Cryptopunks is a set of generative pixelated avatars each one purchasable and ownable on the Ethereum blockchain. Ethereum has become the go to platform for most of the art projects and galleries due to Cryptopunks early efforts. They paved the way for specific kinds of ownership contracts specifically tailored for collectables and what were later to be known as Non-Fungible Tokens. All the buying and selling happens through the contract and thus the control of money can be tailored to meet the needs of the artist or platform. For instance, it is possible to write in code that sends funds from any resale of an artwork to different places, allowing the gallery to automatically take a cut or the artist to get royalties for ongoing sales of a piece.
Other projects have also captured the hearts of artists. Decentraland is an Ethereum based project offering a decentrally owned virtual world. Parcels of land were auctioned off in a huge virtual reality mega-city now being constructed by the thousands of owners. Some owners have formed themselves into districts and many districts are organised by groups of artists experimenting with various virtual reality ideas, whether it’s architecture or gallery spaces, VR or any other digital discipline. If you have other artworks on Ethereum you will also be able to import them too.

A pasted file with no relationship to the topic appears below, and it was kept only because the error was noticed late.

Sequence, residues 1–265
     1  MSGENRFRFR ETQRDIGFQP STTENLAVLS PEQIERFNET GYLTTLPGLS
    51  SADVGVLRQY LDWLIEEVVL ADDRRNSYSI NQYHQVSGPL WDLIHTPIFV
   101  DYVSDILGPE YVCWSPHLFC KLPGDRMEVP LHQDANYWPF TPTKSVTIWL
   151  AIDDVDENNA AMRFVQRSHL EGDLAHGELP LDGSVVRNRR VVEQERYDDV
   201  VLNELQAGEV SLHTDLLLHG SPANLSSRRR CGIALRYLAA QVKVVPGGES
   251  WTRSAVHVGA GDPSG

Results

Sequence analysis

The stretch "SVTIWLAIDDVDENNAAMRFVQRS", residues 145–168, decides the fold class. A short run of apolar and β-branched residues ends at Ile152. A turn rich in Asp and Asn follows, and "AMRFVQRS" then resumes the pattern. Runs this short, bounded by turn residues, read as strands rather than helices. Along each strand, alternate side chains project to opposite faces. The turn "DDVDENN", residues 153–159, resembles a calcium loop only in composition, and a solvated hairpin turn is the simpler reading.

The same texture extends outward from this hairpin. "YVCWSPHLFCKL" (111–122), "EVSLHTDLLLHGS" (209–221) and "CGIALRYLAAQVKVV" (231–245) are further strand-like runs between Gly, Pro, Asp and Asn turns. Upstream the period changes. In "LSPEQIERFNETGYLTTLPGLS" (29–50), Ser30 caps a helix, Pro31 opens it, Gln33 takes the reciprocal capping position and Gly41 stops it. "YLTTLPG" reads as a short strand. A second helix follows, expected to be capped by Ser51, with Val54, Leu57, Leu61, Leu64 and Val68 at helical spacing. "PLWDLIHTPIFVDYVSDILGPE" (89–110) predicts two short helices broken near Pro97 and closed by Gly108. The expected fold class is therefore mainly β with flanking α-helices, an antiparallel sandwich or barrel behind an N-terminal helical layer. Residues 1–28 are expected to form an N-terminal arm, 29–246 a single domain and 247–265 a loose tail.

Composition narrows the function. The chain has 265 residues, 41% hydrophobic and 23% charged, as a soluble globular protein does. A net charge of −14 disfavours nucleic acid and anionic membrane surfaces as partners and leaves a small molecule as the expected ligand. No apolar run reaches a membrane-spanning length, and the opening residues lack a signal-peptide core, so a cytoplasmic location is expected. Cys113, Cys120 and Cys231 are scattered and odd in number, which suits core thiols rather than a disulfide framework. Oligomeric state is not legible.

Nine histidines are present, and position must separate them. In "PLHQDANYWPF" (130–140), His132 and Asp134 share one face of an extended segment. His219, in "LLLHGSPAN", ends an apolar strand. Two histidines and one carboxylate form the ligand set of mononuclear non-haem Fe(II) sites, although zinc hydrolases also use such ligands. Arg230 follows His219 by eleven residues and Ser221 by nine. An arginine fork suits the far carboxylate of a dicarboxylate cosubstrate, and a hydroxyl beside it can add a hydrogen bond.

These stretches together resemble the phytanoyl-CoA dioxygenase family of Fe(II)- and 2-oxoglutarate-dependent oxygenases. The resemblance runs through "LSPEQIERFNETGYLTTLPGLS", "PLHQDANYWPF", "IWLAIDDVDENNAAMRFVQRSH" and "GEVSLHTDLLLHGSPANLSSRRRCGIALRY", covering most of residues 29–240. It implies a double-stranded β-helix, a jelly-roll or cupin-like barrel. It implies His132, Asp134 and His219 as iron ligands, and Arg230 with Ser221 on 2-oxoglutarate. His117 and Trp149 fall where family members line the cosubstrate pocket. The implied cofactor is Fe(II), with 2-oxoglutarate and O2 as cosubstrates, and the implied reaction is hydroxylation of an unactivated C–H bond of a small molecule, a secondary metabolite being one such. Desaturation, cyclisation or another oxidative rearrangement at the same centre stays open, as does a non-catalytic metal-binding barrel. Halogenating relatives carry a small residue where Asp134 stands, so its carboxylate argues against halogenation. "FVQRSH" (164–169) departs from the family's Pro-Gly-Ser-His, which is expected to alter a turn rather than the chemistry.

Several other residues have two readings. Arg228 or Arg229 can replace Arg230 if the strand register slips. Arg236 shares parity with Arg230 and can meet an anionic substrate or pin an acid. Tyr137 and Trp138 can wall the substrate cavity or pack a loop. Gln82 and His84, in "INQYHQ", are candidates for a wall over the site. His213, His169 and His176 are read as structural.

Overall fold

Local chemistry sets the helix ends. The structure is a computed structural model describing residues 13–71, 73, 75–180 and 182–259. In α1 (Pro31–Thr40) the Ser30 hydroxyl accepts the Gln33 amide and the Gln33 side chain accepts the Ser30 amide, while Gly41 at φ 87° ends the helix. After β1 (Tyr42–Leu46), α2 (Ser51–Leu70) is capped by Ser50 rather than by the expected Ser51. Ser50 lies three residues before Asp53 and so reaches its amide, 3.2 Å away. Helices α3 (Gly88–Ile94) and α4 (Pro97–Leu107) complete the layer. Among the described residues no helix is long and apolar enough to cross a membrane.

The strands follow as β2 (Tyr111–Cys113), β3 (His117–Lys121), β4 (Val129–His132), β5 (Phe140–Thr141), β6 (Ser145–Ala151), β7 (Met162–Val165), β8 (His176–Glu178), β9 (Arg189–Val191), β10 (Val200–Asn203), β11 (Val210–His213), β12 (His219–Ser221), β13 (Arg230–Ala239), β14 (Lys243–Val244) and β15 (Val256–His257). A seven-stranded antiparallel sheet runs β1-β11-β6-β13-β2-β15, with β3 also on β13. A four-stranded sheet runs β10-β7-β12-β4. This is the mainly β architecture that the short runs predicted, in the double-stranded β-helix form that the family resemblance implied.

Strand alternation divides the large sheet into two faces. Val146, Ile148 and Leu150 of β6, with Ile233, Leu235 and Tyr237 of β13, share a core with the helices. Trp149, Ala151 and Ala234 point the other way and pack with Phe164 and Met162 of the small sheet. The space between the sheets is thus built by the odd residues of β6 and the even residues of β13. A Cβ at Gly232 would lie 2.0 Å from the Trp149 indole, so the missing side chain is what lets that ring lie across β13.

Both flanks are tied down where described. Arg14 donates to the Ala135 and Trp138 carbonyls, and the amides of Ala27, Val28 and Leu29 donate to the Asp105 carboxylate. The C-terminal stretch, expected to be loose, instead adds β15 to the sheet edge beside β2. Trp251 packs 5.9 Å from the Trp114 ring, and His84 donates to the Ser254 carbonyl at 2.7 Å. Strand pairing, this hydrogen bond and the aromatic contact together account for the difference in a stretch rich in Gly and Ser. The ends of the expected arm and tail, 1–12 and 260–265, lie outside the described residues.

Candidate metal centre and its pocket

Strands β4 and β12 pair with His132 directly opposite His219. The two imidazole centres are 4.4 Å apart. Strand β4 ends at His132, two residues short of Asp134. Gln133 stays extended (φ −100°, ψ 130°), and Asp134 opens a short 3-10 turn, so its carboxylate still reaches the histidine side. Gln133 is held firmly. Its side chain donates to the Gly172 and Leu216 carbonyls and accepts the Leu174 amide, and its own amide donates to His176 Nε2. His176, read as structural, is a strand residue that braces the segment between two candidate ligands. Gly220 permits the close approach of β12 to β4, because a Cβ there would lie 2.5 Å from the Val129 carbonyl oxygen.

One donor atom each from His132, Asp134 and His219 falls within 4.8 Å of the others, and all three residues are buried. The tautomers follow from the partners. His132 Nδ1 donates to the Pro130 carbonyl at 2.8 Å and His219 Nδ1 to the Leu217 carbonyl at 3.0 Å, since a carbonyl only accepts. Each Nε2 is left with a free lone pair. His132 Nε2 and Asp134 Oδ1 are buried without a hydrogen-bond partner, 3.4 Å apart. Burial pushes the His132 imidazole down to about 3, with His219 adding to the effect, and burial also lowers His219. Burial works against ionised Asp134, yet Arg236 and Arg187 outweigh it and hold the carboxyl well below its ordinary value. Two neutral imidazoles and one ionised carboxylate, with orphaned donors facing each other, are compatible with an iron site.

There are other projects doing the same thing as Decentraland too. Cryptovoxels is most notable for attracting arty types, with galleries popping up with digital art, gifs and other data feeds imported onto virtual walls.
This is where it starts to get really interesting. Even smart contracts themselves are being used as a means to produce art. My favourite (and also my all-time favourite Crypto-art piece so far) is Autoglyphs, also by Larva Labs.
Autoglyphs are generaated from a piece of code written into a smart contract. A payment of 0.2 Eth (all profits went to charity, btw) to the contract automatically generates a piece of art using code in the contract itself. The transaction generates some Hex data and that data can be converted into an image like the ones seen above. The generated piece is then owned outright by the original paying address. After 512 pieces were generated the contract shut down and no more could be issued.
There are many interesting things to note here. Once the contract is deployed the designers no longer have any control over it. At this point no art, in the traditional sense, has been made at all, but the creators have already relinquished control. Once a person uses the contract to generate a piece it is automatically owned by them, and the creators have no part in that.
Although the parameters were outlined by them, Larva Labs essentially removed themselves from the creation of the art itself. This is typical of generative art, but they also removed themselves from the selling process that a normal piece of art would follow, ie being chosen for sale and brokered by themselves or an agent/gallery and then passed to the new owner.